Misreporting evaluation findings – Example 1

Part of the concern with the report we discussed yesterday (which tracked changes in school milk purchases only without any data on calorie intake or obesity) was in how easily carefully phrased conclusions could be paraphrased as bold statements that went way beyond the data.

The original report provided by the researchers was quite careful to spell out the assumptions under their estimates:

In 2004, approximately 18.3 billion calories and 520 million grams of fat were purchased by DOE in the form of milk. In 2009, as a result of DOE’s switch to lower-fat milk, those numbers decreased to 13.7 billion calories and 98 million grams of fat, representing a 25% and 81% decline in available calories and fat from milk, respectively. Comparing 2004 with 2009, if calorie and fat savings were distributed over all enrolled students, 3,484 fewer calories and 382 fewer grams of fat were averted each school year as a result of the milk policy change. When distribution of fat and calories from milk were limited to the percentage of students who were estimated to drink milk during the school day (62% in 2004 and 63% in 2009), these savings increased to 5,960 calories and 619 fat grams per year.

The CDC added an editorial that spelled out these limitations clearly:

no data were collected on total food consumption during the school day, so the effect of the milk switch on overall diet is unknown. Students might compensate for the averted calories/fat from milk by changing their consumption patterns.

However when these findings were reported further, these limitations were ignored and the estimated reductions in calories were reported as if they had been measured not estimated in a way that was very contestable. Even the CDC used an unfortunate summary on their front page advertizing the story:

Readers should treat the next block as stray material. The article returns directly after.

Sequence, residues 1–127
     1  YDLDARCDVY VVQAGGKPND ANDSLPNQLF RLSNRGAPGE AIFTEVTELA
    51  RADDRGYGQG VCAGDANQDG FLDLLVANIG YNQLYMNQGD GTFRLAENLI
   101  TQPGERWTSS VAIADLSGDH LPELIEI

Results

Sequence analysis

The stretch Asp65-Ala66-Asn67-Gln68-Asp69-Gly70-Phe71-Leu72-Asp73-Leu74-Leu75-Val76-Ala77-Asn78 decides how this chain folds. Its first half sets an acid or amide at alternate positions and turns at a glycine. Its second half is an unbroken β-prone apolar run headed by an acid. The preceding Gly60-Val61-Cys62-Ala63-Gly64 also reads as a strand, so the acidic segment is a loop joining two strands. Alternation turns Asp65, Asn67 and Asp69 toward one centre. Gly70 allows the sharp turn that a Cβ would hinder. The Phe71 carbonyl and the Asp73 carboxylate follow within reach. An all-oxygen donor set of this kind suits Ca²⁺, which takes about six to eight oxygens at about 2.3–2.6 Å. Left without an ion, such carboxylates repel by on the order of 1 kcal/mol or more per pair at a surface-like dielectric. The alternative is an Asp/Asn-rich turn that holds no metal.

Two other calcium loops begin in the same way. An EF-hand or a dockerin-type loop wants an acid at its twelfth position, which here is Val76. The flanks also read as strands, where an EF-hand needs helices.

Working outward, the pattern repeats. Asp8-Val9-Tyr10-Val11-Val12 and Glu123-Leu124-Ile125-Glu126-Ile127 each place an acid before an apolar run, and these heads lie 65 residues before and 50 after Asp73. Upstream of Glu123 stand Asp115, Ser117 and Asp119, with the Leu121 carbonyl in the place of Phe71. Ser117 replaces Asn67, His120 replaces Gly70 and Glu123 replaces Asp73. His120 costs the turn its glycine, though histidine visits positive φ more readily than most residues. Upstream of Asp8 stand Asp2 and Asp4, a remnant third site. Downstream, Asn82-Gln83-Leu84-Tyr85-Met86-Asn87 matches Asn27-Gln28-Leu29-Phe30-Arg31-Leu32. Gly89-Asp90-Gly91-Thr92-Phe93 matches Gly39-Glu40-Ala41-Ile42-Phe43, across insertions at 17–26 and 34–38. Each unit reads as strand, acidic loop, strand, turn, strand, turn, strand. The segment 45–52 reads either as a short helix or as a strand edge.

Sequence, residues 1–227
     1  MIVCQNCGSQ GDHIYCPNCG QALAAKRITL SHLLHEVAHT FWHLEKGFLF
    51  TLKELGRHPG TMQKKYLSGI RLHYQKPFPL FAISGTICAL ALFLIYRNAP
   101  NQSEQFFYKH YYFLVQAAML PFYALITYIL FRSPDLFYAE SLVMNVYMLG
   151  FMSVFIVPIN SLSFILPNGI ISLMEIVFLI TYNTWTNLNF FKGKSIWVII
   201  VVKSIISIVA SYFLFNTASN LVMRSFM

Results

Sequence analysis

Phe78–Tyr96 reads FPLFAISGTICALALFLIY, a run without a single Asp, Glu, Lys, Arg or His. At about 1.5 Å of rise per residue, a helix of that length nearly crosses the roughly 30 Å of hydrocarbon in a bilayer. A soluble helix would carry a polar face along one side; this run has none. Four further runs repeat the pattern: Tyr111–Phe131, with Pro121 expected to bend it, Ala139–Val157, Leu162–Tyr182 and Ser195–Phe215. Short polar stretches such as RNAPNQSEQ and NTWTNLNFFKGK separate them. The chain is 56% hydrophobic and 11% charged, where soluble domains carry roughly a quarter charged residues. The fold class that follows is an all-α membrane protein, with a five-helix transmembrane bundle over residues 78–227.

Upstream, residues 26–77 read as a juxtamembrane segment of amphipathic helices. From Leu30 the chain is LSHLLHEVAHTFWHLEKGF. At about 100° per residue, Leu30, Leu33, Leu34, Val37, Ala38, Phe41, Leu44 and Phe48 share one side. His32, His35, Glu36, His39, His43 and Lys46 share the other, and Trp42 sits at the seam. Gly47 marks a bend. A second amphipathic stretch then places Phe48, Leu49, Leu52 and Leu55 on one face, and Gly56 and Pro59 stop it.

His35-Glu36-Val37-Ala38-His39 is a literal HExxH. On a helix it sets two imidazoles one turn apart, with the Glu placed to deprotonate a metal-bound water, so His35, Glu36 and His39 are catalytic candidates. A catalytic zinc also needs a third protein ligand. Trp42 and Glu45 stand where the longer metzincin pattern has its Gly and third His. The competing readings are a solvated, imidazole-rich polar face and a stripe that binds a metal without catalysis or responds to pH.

MedPageToday for example,which is peer reviewed by  University of Pennsylvania Medical  School reported: Switch to Low-Fat Milk in Schools Shows Benefit

When New York City public schools made the switch from whole milk to skim or low-fat milk, students cut their annual fat and total calorie consumption, department researchers found. Milk-drinking students consumed 5,960 fewer calories and 619 fewer grams of fat per year after they made the switch, Philip M. Alberti, PhD, of the New York Department of Health and Mental Hygiene, and colleagues reported in the Jan. 29 issue of CDC’s Morbidity & Mortality Weekly Report.

ProCor, a program of Lowan Cardiovascular Research Foundation also reported the results  as if the calorie reductions were real: US: Low-fat/fat-free milk in schools

To decrease the city’s approximately 1.1 million schoolchildren’s fat and calorie intake while maintaining calcium consumption, New York City public schools removed whole milk from all cafeterias in 2005-2006 and switched from low-fat to fat-free chocolate milk. Because of the change, in 2009 NYC public school milk-drinking students consumed about 5,960 fewer calories and 619 fewer grams of fat than in 2004.

Business Week reported NYC Schools Cut 4.6 Billion Calories Switching Milk

ABC News reported Switch to Low-Fat Milk Lowers Calories for NYC Schoolkids

The blog of Prevention Matters named the study as “the Best Prevention Idea of the Week” and copied the bloomberg report with its headline of NYC Schools Cut 4.6 Billion Calories Switching Milk